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Simple syntax question

 
 
Trimbitas Sorin
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      02-04-2004
Hello
I have a simple syntax question :
What does the following line mean:
1: %checkType; ?? I know that @test="" is an array and $test="" is a
simple variable.
Thank you
With best regards
Trimbitas Sorin
 
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Mike Ellwood
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      02-04-2004
On Wed, 4 Feb 2004, Trimbitas Sorin wrote:

> Hello
> I have a simple syntax question :
> What does the following line mean:
> 1: %checkType; ?? I know that @test="" is an array and $test="" is a
> simple variable.
> Thank you
> With best regards
> Trimbitas Sorin


Learn to fish.

The answer can be found, for example, somewhere here:

http://learn.perl.org/library/beginning_perl/

(look for hashes), or e.g. "Learning Perl" published by O'Reilly.
(and cheap at twice the price )

Regards,

--
http://www.velocityreviews.com/forums/(E-Mail Removed)
 
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Web Surfer
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      02-04-2004


In article <(E-Mail Removed) >, lacroix-
(E-Mail Removed) says...
> Hello
> I have a simple syntax question :
> What does the following line mean:
> 1: %checkType; ?? I know that @test="" is an array and $test="" is a
> simple variable.
> Thank you
> With best regards
> Trimbitas Sorin
>


%checktype is a "hash"

# unlike a "normal" array whose index value needs to be an integer
value, the "index" for a hash can be just about any kind of scalar
value.

%colors = ( "apple" => "red" , "orange" => "orange" ,
"lemon" => "yellow" );

print "The color of an apple is ",$colors{"apple"},"\n";

Consult the "perldoc" command or your Perl reference manual for further
details on hashes.
 
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Ben Morrow
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      02-04-2004

Web Surfer <(E-Mail Removed)> wrote:
> %checktype is a "hash"
>
> # unlike a "normal" array whose index value needs to be an integer
> value, the "index" for a hash can be just about any kind of scalar
> value.


No. The key ('index') for a hash is a string.

Ben

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Walter Roberson
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      02-04-2004
In article <bvrg33$rn$(E-Mail Removed)>,
Ben Morrow <(E-Mail Removed)> wrote:

:Web Surfer <(E-Mail Removed)> wrote:
:> # unlike a "normal" array whose index value needs to be an integer
:> value, the "index" for a hash can be just about any kind of scalar
:> value.

:No. The key ('index') for a hash is a string.

True, but other kinds of scalars will be stringified and -that-
used as the key.

stringification can have some surprising results. For example,
I discovered just a couple of days ago that every time you
stringify a Thread::Queue then you get a different value, even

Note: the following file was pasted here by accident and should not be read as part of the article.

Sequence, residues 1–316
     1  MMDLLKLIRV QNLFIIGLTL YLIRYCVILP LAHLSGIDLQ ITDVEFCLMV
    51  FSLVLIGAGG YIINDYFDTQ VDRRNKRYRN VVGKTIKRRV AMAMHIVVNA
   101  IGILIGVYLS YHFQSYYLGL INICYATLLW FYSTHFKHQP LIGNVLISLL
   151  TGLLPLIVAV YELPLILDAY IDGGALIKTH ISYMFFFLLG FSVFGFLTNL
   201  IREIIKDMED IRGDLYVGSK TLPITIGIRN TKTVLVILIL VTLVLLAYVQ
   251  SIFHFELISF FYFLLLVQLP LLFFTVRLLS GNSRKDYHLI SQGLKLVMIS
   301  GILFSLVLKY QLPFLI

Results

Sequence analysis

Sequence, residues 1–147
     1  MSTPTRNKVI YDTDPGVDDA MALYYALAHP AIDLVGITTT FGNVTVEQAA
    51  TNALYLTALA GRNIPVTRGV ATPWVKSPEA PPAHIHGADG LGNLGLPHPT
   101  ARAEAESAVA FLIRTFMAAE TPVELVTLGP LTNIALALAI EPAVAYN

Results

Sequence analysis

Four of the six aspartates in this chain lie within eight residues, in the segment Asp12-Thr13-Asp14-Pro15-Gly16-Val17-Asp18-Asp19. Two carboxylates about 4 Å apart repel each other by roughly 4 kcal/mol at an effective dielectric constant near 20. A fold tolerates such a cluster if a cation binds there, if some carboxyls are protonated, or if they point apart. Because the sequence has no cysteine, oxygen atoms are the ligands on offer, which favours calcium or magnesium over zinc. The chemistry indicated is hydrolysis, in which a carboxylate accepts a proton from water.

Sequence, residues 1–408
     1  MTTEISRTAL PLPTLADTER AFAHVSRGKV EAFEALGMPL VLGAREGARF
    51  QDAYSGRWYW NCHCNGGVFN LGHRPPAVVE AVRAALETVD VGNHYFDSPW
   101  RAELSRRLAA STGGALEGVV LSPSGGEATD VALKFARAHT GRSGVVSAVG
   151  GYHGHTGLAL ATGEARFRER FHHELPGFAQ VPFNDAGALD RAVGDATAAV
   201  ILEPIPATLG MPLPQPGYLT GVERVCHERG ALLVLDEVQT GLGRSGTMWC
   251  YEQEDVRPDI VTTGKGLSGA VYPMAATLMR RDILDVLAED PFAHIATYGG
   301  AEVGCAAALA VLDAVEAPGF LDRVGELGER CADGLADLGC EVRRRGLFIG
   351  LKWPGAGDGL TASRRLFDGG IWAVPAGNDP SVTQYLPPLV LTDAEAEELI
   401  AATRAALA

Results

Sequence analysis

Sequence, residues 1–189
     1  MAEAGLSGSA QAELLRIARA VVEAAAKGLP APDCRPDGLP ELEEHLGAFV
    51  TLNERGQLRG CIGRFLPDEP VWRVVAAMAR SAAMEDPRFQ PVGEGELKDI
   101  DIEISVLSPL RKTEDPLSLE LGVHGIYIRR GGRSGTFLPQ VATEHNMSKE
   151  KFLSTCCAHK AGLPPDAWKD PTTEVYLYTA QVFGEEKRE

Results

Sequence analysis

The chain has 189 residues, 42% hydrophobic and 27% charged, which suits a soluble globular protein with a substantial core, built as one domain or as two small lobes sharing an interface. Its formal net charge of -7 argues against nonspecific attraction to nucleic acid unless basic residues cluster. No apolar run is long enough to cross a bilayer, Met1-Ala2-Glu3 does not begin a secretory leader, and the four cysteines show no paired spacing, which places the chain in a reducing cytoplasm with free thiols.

if the queue has not changed in the meantime.
--
So you found your solution
What will be your last contribution?
-- Supertramp (Fool's Overture)
 
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Tore Aursand
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      02-04-2004
On Wed, 04 Feb 2004 08:46:27 -0800, Trimbitas Sorin wrote:
> I have a simple syntax question :
> What does the following line mean:
> 1: %checkType; ?? I know that @test="" is an array and $test="" is a
> simple variable.


perldoc perldata


--
Tore Aursand <(E-Mail Removed)>
"Life is pleasant. Death is peaceful. It's the transition that's
troublesome." -- Isaac Asimov
 
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Paul Lalli
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      02-04-2004
On Wed, 4 Feb 2004, Walter Roberson wrote:

> In article <bvrg33$rn$(E-Mail Removed)>,
> Ben Morrow <(E-Mail Removed)> wrote:
>
> :Web Surfer <(E-Mail Removed)> wrote:
> :> # unlike a "normal" array whose index value needs to be an integer
> :> value, the "index" for a hash can be just about any kind of scalar
> :> value.
>
> :No. The key ('index') for a hash is a string.
>
> True, but other kinds of scalars will be stringified and -that-
> used as the key.


Yes, just as any non-integers used as the index to an array will be
"integer-fied" and -that- used as the index.

Paul Lalli
 
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Tad McClellan
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      02-04-2004
Trimbitas Sorin <(E-Mail Removed)> wrote:

> What does the following line mean:
> 1: %checkType; ?? I know that @test="" is an array and $test="" is a



I don't know what the "1:" means.

I don't know what the "??" or the part of the line that follows it means.

%checkType;

Is the name of a hash data type, but that statement does not "do"
anything, it is a useless statement.

perldoc perldata


--
Tad McClellan SGML consulting
(E-Mail Removed) Perl programming
Fort Worth, Texas
 
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